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Molecular probes link sea lion deaths
to toxic algal bloom


EMBARGOED FOR RELEASE:
Wednesday, 5 January 2000 at 11:00 U.S. Pacific Time

Media Contact:
Debbie Meyer, Communications Coordinator
Monterey Bay Aquarium Research Institute
(831) 775-1807, pressroom@mbari.org

MOSS LANDING, California—New molecular probes used to identify toxic diatoms allowed researchers to link a bloom of these algae to the deaths of more than 400 California sea lions in Monterey Bay during May and June 1998. Dr. Christopher Scholin, a molecular biologist at the Monterey Bay Aquarium Research Institute (MBARI), and colleagues report their research results in the 6 January issue of the journal Nature.

Harmful algal blooms in the ocean result from the rapid growth of some species of microscopic algae that produce toxic by-products. These toxins can cause public health threats and fisheries closures when transferred up the food chain, but the connection between algal blooms and marine mammal mortality has been difficult to establish. Traditional techniques used to identify the presence of potentially toxic algae work after the bloom has occurred and may even miss the bloom. In this study, the bloom of the diatom Pseudo-nitzschia australis and its associated neurotoxin domoic acid was first noted in plankton samples using DNA probe tests developed by MBARI and a toxin test developed by scientists at the National Oceanic and Atmospheric Administration’s Marine Biotoxin Research Program in Charleston, South Carolina.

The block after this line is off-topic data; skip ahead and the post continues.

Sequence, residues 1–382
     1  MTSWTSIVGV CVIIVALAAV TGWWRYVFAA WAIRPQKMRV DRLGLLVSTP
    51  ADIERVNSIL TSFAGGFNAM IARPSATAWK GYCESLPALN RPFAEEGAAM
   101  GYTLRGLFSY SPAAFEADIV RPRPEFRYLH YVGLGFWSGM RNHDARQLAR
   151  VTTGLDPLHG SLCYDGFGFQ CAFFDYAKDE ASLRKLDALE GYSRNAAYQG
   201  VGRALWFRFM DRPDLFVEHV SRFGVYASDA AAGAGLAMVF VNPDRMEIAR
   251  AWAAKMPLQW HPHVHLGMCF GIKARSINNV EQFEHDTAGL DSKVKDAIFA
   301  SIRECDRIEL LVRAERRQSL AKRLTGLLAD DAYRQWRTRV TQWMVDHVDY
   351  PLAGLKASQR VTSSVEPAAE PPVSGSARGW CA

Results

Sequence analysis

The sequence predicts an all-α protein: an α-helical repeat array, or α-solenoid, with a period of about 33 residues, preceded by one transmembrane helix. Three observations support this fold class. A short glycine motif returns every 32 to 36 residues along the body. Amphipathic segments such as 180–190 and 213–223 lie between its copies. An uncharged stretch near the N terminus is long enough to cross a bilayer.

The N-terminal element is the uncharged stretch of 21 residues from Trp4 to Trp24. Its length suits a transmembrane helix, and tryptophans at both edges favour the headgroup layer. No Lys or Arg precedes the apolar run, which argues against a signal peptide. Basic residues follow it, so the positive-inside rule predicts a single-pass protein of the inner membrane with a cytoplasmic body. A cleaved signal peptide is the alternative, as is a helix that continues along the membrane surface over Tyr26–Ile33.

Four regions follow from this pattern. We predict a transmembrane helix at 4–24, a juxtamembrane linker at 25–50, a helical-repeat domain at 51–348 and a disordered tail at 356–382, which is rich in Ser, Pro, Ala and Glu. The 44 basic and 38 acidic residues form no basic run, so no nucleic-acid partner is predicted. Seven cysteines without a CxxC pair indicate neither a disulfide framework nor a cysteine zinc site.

"The DNA probes and toxin tests detected the short but significant bloom in Pseudo-nitzschia australis," said Dr. Scholin. "Our early alert and collaboration with marine mammal scientists and public health officials helped us collect the data needed to connect the sea lion deaths with the bloom."

australis1_scholin95.jpg (8542 bytes)

australis2_scholin95.jpg (7283 bytes)

A sample showing several species of the genus Pseudo-nitzschia as seen under a light microscope. The toxic species Pseudo-nitzschia  australis identified in the same  sample by the glowing DNA probe.

These techniques, in which species-specific DNA probes bind to the RNA of the toxic algae and glow when viewed under a microscope, could be applied using a robotic device in the field. Dr. Scholin and colleagues at MBARI plan to deploy a prototype of such a device in Monterey Bay this summer.

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Note to media: Images and footage available on request.

Additional research contacts:
Dr. Chris Scholin, Monterey Bay Aquarium Research Institute,
831-775-1779
Dr. Frances Gulland, The Marine Mammal Center, 415-289-7370
Dr. Gregory J. Doucette, Marine Biotoxins Program, NOAA-NOS,
843-762-8528